Donald Trump hasn’t even taken over the White House and he’s already making waves in the economy and on business.
And the left can’t stand it.
First, Trump and his vice president, Mike Pence, traveled to Indiana and after a few short hours, managed to convince Carrier to quit its notion of moving south of the border to Mexico. That accomplishment saved about 1,100 jobs for Americans.
Now, Trump’s turning eyes on the technology industry, dominated by fans of Hillary Clinton.
He’s scheduled a roundtable discussion for several key leaders in the field for New York next week.
Among those set to attend are Cisco CEO Chuck Robbins and Oracle co-CEO Safra Catz, USA Today reported. And the meeting will likely be a little bit of a fawn-fest for Trump and friends.
“The tech industry, which bet heavily on Hillary Clinton in the months leading up to the presidential election, is looking to build bridges to the incoming administration,” USA Today reported. “The stakes are high after the industry-wide snubbing of the president-elect.”
This should be good.
“[Trump] attacked Apple and Amazon during the campaign,” USA Today reminded. “Noticeably absent [from a newly formed business council] were the chief executives of Apple, Facebook and Google.”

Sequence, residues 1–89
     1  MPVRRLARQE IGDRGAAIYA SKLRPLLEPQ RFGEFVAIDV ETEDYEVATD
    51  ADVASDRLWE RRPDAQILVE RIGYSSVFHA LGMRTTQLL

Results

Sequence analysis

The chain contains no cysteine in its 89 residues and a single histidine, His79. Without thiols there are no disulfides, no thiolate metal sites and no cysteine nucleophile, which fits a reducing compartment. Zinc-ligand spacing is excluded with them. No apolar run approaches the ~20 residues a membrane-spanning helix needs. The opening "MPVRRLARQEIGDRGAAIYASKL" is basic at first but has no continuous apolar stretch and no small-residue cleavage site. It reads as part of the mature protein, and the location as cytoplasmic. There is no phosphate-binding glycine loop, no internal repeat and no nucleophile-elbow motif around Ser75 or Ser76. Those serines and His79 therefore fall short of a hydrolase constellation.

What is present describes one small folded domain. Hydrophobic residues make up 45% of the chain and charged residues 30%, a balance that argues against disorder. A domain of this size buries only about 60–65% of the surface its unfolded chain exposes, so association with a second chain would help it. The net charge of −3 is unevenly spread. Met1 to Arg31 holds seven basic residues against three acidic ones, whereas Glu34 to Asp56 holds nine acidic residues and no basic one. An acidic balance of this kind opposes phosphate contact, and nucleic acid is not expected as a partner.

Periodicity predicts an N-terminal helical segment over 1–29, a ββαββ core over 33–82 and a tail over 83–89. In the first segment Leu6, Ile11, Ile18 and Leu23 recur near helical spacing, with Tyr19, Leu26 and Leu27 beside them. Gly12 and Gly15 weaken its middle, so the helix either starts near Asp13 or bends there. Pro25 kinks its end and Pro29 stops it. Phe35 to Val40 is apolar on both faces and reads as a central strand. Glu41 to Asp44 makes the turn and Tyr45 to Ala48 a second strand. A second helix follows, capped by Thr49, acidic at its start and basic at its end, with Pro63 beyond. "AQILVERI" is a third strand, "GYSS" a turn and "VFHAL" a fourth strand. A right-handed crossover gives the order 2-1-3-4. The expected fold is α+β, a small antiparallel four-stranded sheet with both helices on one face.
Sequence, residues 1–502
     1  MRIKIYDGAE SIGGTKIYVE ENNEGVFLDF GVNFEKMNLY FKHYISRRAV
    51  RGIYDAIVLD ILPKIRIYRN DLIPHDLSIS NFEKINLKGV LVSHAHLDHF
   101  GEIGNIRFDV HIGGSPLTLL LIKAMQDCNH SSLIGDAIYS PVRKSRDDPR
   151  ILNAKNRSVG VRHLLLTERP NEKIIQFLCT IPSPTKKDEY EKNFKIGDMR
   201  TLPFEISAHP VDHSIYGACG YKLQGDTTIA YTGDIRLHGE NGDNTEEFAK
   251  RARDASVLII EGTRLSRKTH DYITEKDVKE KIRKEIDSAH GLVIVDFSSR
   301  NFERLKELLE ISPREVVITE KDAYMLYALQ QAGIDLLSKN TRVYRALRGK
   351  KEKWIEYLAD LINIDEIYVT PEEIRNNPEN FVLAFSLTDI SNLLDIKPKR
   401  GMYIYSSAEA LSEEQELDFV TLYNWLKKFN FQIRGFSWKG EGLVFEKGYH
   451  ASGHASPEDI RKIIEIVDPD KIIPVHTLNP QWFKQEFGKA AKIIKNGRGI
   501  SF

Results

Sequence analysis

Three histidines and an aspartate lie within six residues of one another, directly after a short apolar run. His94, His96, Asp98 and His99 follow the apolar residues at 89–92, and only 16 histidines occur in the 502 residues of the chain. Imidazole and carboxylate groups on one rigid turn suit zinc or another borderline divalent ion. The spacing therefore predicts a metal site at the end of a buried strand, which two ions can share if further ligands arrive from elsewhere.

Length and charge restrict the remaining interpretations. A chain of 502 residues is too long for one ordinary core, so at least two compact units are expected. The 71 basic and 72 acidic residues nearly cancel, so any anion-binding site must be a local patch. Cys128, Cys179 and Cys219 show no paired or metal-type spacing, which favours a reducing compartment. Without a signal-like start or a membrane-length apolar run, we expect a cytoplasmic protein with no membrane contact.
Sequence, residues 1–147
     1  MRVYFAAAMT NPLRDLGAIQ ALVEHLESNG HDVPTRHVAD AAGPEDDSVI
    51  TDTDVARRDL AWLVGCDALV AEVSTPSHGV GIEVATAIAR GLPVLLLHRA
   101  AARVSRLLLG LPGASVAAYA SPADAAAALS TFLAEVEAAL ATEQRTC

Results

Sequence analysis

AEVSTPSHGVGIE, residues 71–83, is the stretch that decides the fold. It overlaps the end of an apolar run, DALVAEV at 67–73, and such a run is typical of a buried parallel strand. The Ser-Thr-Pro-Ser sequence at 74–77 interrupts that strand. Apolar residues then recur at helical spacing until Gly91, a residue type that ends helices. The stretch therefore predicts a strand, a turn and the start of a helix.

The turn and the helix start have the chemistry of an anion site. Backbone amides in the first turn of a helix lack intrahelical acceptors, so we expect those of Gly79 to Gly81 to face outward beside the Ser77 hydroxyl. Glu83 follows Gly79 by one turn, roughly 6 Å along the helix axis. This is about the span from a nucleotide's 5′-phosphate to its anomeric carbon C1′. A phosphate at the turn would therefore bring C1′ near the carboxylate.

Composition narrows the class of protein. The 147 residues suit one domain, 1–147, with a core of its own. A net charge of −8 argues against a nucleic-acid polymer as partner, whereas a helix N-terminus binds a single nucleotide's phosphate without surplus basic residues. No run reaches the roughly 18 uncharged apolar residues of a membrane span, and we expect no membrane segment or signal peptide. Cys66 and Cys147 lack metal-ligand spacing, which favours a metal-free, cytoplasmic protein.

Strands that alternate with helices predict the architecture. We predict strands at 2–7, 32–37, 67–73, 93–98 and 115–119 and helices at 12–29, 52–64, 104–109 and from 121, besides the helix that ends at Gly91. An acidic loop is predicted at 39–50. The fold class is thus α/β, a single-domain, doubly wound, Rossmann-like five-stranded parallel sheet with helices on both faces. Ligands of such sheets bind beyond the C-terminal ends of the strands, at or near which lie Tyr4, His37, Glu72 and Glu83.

It’s Trump’s hard stance on immigration that put him at odds with many of the left-leaning technology CEOs. But the tables have turned, Clinton’s lost, and now these same executives are facing the prospect of having to stand before Trump, hat in hand, and play nice.
“Most of Silicon Valley is moving from the ‘surprised and in denial’ phase to accepting the change that’s coming,” said Semil Shah, a partner at Haystack Fund, in USA Today.
But the acceptance is somewhat forced. And for Trump supporters, still reeling from a campaign that saw their candidate viciously attacked and maliciously slandered, the ride to the White House and accompanying mea culpas from some of the president-elect’s loudest critics, including the tech industry’s leading figures, is nothing but sweet, sweet music.
Source: USA Today